Your pet dog
should be home trained before you think about
taking car journeys with him, able to recognise
his own space for sleeping and obey your basic
commands, this can make it easier for him to
transfer his familiar home experiences to this
new “car environment”.
introducing your dog (puppy or adult) to the
new idea of car travel should be taken slowly,
you should start with a basic introduction to
his new travel area, ideally the back seat or
behind that if convenient and open. Try placing
some familiar possessions here to make him feel
at home. Initially don’t start the engine
and leave a door open while you pet and talk
to him. When you think he seems comfortable
being in the car you can start taking him for
some short rides, try going to places he might
be familiar with and likes, however it is essential
to vary the journeys you take, don’t just
use the car to visit the park or your vet, dogs
will learn by association and if they associate
a car journey with just pleasurable or stressful
visits they may get over-excited or become anxious
and stressed on any subsequent journeys.
As soon as you feel your dog is at ease with
these short journeys and likes the idea of getting
into “his favourite spot” in your
car he will be ready for longer journeys, which
will require some advance planning.
longer journeys it is better if your dog is
made secure whilst travelling, try using a harness,
doggy seat belt, carrier or crate (if your car
is big enough), all are readily available to
buy. One of these methods will help restrain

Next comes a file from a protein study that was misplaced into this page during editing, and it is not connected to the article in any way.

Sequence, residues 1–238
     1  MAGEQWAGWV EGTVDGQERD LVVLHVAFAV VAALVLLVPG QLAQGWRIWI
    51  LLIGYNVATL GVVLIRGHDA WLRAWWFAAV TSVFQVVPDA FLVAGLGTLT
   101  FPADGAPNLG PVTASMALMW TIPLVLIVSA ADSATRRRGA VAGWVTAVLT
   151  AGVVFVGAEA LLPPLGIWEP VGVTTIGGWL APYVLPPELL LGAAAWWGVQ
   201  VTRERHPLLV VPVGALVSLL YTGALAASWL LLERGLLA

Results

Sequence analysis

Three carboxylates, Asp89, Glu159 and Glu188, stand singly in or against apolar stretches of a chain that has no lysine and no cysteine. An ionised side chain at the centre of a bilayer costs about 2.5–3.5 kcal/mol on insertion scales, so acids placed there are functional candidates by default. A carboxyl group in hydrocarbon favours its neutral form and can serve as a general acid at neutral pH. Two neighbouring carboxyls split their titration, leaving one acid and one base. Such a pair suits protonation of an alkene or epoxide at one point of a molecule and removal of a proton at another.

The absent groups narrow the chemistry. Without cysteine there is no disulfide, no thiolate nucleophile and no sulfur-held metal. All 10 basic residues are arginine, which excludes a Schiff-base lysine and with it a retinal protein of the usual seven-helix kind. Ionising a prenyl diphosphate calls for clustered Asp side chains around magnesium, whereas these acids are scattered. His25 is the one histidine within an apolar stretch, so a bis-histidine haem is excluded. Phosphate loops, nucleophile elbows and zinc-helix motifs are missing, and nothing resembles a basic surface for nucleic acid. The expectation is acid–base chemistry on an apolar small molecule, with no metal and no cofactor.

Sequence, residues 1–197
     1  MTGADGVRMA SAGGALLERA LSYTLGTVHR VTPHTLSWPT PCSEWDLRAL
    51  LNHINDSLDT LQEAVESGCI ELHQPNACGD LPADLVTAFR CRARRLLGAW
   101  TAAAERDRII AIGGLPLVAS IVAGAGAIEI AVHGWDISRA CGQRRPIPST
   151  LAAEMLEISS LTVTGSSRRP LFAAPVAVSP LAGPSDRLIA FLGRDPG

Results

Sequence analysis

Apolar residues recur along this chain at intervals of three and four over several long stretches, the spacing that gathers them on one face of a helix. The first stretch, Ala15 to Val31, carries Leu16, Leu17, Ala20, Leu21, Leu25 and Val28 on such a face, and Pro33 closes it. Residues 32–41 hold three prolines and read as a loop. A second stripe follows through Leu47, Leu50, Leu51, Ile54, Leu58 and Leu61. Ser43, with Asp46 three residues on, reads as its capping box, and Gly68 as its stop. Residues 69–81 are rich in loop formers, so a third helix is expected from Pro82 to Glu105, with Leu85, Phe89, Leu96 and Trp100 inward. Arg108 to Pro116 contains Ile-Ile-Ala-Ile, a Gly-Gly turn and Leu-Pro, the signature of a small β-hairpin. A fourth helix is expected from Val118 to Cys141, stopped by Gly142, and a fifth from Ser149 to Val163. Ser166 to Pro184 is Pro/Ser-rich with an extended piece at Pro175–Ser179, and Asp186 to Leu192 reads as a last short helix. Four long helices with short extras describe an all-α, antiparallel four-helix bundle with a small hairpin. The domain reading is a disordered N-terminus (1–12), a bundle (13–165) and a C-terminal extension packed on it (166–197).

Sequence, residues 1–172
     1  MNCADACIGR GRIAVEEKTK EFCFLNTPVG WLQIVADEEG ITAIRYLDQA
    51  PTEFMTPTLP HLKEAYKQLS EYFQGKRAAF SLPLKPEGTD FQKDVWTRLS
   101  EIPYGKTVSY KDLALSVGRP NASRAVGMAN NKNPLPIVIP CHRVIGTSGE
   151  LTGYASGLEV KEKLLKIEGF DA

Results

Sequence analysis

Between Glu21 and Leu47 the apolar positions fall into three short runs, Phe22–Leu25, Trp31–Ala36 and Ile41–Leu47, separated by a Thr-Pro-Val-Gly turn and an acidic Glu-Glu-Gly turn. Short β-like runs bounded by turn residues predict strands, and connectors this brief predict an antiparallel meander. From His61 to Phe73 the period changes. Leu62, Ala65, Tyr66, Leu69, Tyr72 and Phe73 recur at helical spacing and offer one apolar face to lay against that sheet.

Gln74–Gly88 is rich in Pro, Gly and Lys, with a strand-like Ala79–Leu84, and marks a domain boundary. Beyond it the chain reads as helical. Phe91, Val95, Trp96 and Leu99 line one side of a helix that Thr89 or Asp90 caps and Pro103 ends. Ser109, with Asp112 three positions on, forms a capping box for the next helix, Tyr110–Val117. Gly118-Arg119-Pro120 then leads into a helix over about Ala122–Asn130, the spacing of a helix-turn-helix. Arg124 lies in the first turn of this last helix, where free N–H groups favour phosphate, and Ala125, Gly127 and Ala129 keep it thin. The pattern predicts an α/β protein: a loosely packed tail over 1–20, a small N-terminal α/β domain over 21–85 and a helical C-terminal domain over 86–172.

any bored dog who might want to move around
One of his familiar
blankets to make him feel comfortable is also
a good idea and can encourage sleep. Take some
toys, both old favourites and even a few new
should be planned to allow time for comfort
stops, all dogs will need to stretch their legs
with a short walk, get some fresh air and take
You should carry
plenty of liquids and food for your dog and
try not to feed him for a few hours before you
leave also try to feed only small amounts of
food when on the journey.
It is essential
your dog has sufficient ventilation, even if
your car has air conditioning try to leave a
nearby window open slightly, but must not be
wide enough for him to get his head out which
is both dangerous for the driver and the dog.
At any stops
you make, where you take your dog out of the
car ensure he is put on a secure lead before
allowing him outside.
to consider is consulting your vet before undertaking
your first long journey, vets are usually happy
to offer advice and even supply any suitable
medication that could alleviate stress, anxiety
and possible car motion sickness.
Some dog breeds
will be happier travelling in cars than others,
choosing the right dog breed could save you,
the owner, a lot of stress and anxiety.
suggestions will hopefully make your journey
stress free and you can realise the pleasure
of a car journey with a happy and contented
dog; no one constantly asking questions, telling
you the best route to take, commenting on your
driving or asking how much longer will it be?